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Posted on Oct 7, 2019

Fancher talks about reclassification process at school board meeting

At the Sept. 24 Quincy School District board meeting, Quincy High School Athletic Director Brett Fancher detailed the process of reclassification over the next several months.
About a dozen attended the meeting in the transportation building, including Buildings and Grounds Director Tom Harris and QHS Principal Marcus Pimpleton. All board members were present, including the student representatives.
Fancher shared three documents with the board; the first, projected adjusted enrollment for the 2019-2020 school year; the second, the timeline of the process and considerations; and the third, projections of each league and team placements considering adjusted enrollment.
The Washington Interscholastic Activities Association will provide adjusted enrollment numbers to schools across the state on Nov. 25. The adjusted enrollment considers the percentage of students receiving free and reduced lunches at the school above the statewide average. The WIAA will use data from the Office of Superintendent of Public Instruction.
The document Fancher provided projects Quincy High School’s adjusted enrollment coming in right under 400 for grades 9-11, placing the school under the 450-899 range for 2A classification. Graduating seniors are not counted in the school’s enrollment data for classification purposes.
Even if Quincy falls into the 1A class, it will have the option to remain in the CWAC at the 2A level. That decision must be made by Jan. 10, 2020, said Fancher.
“We want Quincy kids to enjoy success,” he added.
Leading up to that decision, Fancher will present to the Quincy Rotary Club and consult with community members, coaches and administrators. The district superintendent, John Boyd, makes the final decision in January. However, prior to then, Fancher will provide a recommendation in December based on those work group meetings and community opinions.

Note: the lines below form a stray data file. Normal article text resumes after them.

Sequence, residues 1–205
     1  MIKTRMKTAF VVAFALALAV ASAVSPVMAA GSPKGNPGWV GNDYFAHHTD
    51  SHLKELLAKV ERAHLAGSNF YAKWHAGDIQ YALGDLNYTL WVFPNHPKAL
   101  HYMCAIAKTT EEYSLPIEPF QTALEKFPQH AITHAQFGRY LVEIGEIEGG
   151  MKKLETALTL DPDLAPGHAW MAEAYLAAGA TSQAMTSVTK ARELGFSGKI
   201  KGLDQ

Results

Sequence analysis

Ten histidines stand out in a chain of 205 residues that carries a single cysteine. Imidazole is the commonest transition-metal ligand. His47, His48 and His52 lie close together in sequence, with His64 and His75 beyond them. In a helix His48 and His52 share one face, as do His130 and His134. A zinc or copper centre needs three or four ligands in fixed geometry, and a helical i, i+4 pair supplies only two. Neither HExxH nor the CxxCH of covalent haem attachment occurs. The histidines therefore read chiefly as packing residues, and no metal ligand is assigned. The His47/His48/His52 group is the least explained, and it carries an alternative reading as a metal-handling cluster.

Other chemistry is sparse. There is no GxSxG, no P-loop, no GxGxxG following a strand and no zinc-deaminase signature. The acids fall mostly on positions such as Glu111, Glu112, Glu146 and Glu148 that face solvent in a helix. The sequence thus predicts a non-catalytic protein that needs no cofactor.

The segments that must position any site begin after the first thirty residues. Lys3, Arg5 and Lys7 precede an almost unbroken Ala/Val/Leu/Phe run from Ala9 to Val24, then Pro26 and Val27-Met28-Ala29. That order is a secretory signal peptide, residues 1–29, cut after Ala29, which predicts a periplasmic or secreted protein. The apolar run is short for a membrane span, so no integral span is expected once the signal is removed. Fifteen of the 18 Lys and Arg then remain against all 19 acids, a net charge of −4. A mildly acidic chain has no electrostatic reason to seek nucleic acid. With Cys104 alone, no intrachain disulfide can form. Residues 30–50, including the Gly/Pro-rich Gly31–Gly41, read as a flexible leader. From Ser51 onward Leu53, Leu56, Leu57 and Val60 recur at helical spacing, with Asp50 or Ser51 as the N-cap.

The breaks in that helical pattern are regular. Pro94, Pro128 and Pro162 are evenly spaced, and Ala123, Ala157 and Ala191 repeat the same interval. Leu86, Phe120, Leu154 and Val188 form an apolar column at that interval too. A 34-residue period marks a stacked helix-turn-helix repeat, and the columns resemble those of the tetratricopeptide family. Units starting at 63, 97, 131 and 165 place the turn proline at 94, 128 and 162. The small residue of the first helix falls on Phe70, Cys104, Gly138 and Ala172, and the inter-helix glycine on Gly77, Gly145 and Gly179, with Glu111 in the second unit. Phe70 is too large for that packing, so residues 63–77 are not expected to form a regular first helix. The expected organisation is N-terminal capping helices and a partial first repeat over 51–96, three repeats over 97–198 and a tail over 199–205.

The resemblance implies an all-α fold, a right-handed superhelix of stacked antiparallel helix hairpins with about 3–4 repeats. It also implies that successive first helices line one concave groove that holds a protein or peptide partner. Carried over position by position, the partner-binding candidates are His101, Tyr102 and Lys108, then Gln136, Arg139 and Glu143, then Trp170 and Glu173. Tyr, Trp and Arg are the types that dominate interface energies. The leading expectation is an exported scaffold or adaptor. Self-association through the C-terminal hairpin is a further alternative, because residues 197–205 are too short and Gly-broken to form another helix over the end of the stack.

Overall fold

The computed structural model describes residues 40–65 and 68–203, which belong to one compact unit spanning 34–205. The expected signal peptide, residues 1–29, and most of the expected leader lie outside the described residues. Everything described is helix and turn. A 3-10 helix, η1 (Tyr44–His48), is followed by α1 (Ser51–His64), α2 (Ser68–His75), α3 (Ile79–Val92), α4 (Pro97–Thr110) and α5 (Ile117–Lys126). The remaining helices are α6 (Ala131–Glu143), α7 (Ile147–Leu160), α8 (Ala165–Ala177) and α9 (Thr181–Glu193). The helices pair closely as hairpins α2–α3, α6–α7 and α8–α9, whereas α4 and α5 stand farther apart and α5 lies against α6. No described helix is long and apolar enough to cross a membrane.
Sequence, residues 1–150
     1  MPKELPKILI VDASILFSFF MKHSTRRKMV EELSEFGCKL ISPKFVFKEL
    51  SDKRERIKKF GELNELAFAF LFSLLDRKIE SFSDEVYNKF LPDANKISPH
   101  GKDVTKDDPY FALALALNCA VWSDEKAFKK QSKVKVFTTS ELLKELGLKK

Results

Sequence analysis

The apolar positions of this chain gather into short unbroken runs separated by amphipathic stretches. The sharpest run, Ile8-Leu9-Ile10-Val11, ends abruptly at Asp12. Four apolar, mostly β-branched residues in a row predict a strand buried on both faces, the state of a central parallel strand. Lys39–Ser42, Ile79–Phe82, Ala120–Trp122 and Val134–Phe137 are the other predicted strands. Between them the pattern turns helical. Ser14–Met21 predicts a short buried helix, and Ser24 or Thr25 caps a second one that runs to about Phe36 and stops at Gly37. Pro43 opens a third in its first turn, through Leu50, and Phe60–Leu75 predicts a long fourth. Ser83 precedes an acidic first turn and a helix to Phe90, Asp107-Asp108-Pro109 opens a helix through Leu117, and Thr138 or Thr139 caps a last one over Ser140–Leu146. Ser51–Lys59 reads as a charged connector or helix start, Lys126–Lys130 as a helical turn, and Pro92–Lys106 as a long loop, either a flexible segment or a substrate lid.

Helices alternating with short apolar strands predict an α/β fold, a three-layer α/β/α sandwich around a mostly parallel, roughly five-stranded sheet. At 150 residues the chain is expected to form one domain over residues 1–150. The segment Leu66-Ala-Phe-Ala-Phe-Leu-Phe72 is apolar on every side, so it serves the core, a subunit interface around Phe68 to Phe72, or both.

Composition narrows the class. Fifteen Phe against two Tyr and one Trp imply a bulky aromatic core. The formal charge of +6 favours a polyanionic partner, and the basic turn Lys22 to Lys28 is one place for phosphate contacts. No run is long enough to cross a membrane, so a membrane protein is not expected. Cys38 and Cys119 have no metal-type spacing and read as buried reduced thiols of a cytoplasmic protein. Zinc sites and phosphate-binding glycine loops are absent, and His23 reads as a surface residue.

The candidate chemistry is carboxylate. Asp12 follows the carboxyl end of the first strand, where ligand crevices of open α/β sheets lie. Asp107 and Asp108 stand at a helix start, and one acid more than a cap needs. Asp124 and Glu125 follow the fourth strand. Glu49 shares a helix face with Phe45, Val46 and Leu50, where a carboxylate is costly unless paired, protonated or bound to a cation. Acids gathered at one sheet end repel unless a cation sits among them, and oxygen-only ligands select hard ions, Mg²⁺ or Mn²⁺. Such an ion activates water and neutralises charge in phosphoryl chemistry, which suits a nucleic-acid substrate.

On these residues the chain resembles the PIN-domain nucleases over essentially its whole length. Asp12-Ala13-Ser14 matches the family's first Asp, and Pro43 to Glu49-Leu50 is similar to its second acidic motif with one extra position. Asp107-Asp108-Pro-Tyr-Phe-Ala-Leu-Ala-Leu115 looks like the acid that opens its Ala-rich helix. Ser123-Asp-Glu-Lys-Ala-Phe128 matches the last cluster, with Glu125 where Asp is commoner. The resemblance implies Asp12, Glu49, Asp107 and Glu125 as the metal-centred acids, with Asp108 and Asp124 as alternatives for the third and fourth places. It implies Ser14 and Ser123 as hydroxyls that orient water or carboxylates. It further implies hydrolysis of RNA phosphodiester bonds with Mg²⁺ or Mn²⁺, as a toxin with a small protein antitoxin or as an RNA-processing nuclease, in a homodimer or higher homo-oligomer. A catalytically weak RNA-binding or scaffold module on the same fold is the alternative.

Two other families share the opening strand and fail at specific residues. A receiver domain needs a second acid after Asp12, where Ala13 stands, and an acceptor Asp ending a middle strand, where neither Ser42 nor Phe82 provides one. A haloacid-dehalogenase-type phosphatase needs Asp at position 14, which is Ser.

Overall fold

“The purpose is to engage with the stakeholders,” Fancher said.
Boyd added during the meeting that moving to a new league requires a two-thirds vote from the new league.
“Just expect that things could change,” he added.
In other matters, student representatives Eduardo Diaz and Taylor Thomsen shared new ideas for senior traditions.
“We’re trying to break in the high school and make it our own,” said Thomsen.
Diaz also shared that some students feel frustrated that they cannot use all available spaces in the school because they are blocked off. Thomsen echoed this frustration, and school board president Susan Lybbert thanked them for expressing their concerns.
At the end of the agenda, the board entered a work session just before 6:10 p.m. and discussed teaching strategies to improve math scores in the district. Board members then discussed adjustments to the board work plan for the academic year, which will be reviewed before the plan is finalized, according to Boyd.

By Miles King,